18 November, 2018

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The Hybrid Features Of The Present Constitution Must Be Removed

By R.M.B Senanayake – 

R.M.B. Senanayake

R.M.B. Senanayake

The most important feature of the Executive Presidential form of government which distinguishes it from the Westminster form is that the Executive is separated from the Legislature and the Judiciary and the separation of powers is followed down the line. It is not only the Executive President who is separated from the Legislature. It includes all his Ministers as well. The Executive President appoints his Ministers from outside the Legislature – the Parliament. This is seen in the U.S Presidency. In France which also follows the Executive Presidency Ministers can be appointed from Parliament but they cease to be voting members in Parliament although they could sit in Parliament. President J.R J with all his political maturity and experience failed to appreciate the need for a strict separation of powers to safeguard freedom. He adopted the practice of appointing only Members of Parliament as his Ministers and they continued to exercise their votes in Parliament. This gave the opportunity to MR to buy over all the MPs in Parliament by appointing them as Ministers ignoring the administrative rationale for the appointment of Ministers.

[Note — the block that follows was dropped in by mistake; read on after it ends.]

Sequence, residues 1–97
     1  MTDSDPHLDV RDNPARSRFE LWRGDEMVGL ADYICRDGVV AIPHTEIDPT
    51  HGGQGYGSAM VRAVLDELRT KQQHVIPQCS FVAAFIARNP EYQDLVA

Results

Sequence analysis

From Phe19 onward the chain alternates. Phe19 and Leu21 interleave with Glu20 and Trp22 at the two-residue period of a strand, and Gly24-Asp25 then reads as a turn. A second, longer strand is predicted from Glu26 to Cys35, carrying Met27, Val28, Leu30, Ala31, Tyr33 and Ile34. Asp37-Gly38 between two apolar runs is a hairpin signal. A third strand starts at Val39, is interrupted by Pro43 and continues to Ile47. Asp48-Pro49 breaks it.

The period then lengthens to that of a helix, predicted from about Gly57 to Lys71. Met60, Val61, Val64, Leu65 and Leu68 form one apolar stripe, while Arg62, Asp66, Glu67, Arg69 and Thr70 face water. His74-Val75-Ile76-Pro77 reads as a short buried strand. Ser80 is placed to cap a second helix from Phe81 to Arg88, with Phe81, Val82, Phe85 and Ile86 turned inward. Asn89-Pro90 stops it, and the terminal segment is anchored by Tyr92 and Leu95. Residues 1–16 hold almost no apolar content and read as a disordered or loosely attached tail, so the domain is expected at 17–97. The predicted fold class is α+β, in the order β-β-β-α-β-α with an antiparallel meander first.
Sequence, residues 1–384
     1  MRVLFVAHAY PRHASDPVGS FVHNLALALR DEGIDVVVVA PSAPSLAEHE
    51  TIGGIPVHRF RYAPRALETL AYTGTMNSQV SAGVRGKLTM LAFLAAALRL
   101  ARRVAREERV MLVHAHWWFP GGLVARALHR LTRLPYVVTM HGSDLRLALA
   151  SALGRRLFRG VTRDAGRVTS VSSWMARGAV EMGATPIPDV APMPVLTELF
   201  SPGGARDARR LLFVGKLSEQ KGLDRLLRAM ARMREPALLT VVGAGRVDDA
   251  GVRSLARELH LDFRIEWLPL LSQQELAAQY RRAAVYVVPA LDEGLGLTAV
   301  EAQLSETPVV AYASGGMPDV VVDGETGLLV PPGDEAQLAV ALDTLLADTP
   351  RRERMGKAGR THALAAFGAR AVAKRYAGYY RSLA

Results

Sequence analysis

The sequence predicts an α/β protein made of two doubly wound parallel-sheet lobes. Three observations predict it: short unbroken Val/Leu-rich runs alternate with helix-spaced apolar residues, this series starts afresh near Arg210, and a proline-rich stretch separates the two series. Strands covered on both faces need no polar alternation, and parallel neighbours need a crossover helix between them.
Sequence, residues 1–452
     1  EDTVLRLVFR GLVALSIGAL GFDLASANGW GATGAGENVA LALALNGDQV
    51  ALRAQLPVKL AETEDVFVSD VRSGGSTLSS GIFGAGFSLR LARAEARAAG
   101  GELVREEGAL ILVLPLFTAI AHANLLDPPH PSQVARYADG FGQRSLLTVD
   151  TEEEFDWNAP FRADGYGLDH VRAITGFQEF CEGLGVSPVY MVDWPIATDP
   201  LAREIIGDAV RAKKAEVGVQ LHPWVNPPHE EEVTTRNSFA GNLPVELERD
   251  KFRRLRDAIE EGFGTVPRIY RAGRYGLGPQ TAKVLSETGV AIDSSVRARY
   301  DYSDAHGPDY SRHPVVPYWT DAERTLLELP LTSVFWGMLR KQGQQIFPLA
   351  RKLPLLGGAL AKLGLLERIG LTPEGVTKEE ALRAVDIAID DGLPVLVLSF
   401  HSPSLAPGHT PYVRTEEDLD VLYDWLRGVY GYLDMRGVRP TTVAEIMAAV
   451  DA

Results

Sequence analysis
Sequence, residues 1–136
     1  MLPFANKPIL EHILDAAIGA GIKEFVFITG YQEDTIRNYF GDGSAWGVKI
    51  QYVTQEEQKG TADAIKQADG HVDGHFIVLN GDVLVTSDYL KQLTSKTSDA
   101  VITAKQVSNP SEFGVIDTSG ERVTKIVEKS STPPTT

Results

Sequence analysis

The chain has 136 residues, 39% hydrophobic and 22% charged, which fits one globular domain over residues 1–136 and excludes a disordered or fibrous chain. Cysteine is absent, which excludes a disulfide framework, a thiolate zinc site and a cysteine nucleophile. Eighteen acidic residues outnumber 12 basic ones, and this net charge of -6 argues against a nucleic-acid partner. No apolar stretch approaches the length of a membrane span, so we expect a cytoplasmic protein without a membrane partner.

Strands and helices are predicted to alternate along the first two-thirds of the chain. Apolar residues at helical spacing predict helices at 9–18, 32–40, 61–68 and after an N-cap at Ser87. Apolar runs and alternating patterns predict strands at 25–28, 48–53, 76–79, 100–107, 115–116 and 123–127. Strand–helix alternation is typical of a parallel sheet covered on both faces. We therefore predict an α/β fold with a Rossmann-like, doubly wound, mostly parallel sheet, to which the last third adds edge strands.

President J.R J crated a hybrid form of government unknown to political science in a liberal democracy. He thus dropped the principle of separation of powers and failed to adopt the principle of drawing Ministers from outside Parliament which gave the President the choice of appointing competent Ministers with administrative experience and modern knowledge. These are the indispensable features and advantages of the Executive Presidency.